1 Hark! the herald angels sing,
“Glory to the new born King;
peace on earth and mercy mild,
God and sinners reconciled!”
Joyful, all ye nations, rise;
join the triumph of the skies;
with the angelic hosts proclaim,
“Christ is born in Bethlehem!”
Hark! the herald angels sing,
“Glory to the newborn King!”
2 Christ, by highest heaven adored,
Christ, the everlasting Lord!
Late in time behold him come,
offspring of the virgin's womb.
Veiled in flesh the Godhead see;
hail the incarnate Deity,
pleased as man with us to dwell,
Jesus, our Immanuel. [Refrain]
3 Hail the heaven-born Prince of Peace!
Hail the Sun of Righteousness!
Light and life to all he brings,
risen with healing in his wings.
Mild, he lays his glory by,
born that we no more may die,
born to raise us from the earth,
born to give us second birth. [Refrain]
Containing biblical phrases from Luke, John, and Paul, the text is a curious mixture of exclamation, exhortation, and theological reflection. The focus shifts rapidly from angels, to us, to nations. The text's strength may not lie so much in any orderly sequence of thought but in its use of Scripture to teach its theology. That teaching surely produces in us a childlike response of faith; we too can sing "Glory to the newborn King!"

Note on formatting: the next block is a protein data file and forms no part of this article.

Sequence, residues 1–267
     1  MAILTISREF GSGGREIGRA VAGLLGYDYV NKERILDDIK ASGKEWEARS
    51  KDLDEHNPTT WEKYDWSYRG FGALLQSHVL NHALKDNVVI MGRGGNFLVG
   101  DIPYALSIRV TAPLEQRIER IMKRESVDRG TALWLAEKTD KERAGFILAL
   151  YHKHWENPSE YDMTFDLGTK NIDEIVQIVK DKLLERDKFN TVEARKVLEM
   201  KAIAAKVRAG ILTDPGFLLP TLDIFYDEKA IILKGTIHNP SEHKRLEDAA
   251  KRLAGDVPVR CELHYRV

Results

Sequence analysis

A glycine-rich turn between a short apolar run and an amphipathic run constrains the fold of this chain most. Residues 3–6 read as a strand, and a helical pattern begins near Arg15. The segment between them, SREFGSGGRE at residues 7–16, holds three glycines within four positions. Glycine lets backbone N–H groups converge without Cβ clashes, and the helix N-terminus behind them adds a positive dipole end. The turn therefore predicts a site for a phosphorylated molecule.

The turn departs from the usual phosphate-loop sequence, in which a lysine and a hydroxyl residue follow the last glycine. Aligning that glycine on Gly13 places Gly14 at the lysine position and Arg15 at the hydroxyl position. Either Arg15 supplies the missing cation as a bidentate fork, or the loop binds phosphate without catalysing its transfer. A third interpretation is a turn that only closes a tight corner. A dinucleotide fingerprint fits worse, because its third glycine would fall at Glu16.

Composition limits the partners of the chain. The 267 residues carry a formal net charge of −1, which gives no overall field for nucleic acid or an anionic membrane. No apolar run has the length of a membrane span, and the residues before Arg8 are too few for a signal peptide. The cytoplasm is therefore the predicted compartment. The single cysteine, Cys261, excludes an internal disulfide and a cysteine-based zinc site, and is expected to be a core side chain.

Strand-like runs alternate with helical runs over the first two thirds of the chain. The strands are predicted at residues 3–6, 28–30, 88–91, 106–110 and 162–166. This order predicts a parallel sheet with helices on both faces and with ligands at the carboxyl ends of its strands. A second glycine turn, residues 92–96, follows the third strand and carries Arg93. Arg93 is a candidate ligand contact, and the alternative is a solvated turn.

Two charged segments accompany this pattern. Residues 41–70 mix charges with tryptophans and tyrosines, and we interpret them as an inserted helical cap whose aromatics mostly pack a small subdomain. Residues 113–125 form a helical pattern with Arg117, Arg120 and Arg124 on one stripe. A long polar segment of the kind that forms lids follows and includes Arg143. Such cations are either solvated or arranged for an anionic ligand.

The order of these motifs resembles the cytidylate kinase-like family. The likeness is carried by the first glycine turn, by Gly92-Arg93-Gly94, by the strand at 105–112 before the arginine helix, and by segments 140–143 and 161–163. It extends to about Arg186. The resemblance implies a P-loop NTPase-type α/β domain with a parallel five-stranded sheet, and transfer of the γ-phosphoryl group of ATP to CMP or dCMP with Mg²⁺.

Belgic Confession, Articles 18 and 19 proclaim that Christ is “truly our Emmanuel—God with us” and he, as a divine being, truly assumed a human nature by the power of the Holy Spirit so that the two natures are “inseparably united and joined together.” This profound truth, that Jesus is fully human and fully divine, is proclaimed through Jesus’ many names in this song: “everlasting Lord,” “offspring of the virgin’s womb,” “incarnate Deity,” and the Godhead “veiled in flesh.”